As millions of students across the country accept their high school diplomas this graduation season, new data from the Alliance for Excellent Education shows the long-term and wide-reaching economic consequences of students not crossing the stage.
Using data from the 2014-2015 school year, the Graduation Effect, an online tool created by the Alliance, draws a straight line between educational attainment and economic success. As has been well demonstrated, high school graduates are less likely to be unemployed, live in poverty, have poor health, and engage in criminal behaviors.
While the national high school graduation rate reached an all-time high of 84.1 percent in 2016, these gains have not been spread equally. Students of color, students from low-income families, students with disabilities, and other historically underserved populations still graduate at rates substantially lower than national averages. The Alliance for Excellent Education aims to show how “continuing to ignore the educational needs of these students will limit the nation’s long-term economic potential.”
Conversely, raising graduation rates will have significant positive benefits on national and local economies. The Graduation Effect projects economic shifts that would result from a 90 percent graduation rate––these benefits include 14,260 new jobs, a $5.7 billion increase in GDP, $16.1 billion in savings on healthcare, and hundreds of millions in federal tax revenue. And that’s just in one year.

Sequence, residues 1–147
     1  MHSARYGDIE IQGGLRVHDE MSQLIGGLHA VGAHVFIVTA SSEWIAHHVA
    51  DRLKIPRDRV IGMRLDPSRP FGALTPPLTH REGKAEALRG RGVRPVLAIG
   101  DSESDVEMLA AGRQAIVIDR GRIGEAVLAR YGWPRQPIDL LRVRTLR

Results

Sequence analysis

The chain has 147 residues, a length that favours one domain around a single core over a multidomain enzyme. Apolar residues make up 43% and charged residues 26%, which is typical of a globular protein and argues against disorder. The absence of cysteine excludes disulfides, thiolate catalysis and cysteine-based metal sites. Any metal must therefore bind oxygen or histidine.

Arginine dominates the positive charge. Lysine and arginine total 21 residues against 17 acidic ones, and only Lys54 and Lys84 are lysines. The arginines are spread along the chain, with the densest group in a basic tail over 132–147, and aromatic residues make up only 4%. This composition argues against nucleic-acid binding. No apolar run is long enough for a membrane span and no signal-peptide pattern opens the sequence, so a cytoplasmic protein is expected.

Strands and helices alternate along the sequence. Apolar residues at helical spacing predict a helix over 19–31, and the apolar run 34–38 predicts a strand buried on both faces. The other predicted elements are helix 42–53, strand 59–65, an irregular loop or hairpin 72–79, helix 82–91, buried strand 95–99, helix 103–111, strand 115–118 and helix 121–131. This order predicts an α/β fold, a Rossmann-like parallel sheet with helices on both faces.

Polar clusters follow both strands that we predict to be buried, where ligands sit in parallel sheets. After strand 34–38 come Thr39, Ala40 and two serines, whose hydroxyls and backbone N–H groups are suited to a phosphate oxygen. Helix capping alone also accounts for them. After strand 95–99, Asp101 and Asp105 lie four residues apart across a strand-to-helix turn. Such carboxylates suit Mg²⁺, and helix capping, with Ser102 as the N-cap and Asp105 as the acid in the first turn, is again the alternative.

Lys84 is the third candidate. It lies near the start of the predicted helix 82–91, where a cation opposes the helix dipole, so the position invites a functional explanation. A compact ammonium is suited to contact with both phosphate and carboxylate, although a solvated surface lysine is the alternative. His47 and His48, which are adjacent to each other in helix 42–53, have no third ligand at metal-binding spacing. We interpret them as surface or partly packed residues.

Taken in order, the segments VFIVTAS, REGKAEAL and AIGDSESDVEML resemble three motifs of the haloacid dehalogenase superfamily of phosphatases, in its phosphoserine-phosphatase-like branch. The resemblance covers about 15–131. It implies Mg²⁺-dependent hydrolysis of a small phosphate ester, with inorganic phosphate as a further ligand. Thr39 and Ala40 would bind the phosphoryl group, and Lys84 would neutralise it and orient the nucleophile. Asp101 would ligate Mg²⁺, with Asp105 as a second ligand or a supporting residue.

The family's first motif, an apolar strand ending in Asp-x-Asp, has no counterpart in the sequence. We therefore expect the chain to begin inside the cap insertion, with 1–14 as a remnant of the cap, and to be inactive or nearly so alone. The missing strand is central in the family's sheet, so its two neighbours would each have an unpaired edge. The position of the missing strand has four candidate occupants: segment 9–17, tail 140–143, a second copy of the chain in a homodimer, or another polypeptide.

Importantly, the Alliance for Excellent Education maps the positive impacts that a 90 percent high school graduation rate would have on local economies, breaking the data down by state, metropolitan area, and demographic group so that it can be useful for local community leaders, policymakers, educators, parents, and others.
For instance, Washington, D.C. has a graduation rate of 68.5 percent. Increasing the rate to 90 percent would mean $12.9 million in additional earnings, $1 million in state and local revenue, and $2.1 million saved in health care spending.
Greeley, a district in northeastern Colorado, has a graduation rate of 79 percent. An increase to 90 percent would stimulate the local economy, leading to an additional $3.4 million in earnings, $11.9 million in home sales, and $4.5 million saved on healthcare. (Greeley-Evans School District 6 has received a GradNation Acceleration Grant from America’s Promise for programs that provide holistic, wraparound services to historically underserved students who face significant barriers to success.)
“The reality is, we need every student to participate in this economy. It is morally wrong and economically a disaster to exclude students of color, ethnicity, or low-income status,” said Bob Wise, president of the Alliance for Excellent Education and former Governor of West Virginia, in a webinar panel announcing the data.
The fix? To raise high school graduation rates for these key student subgroups, experts highlighted the importance of diverse, effective mentors who both challenge and support their students.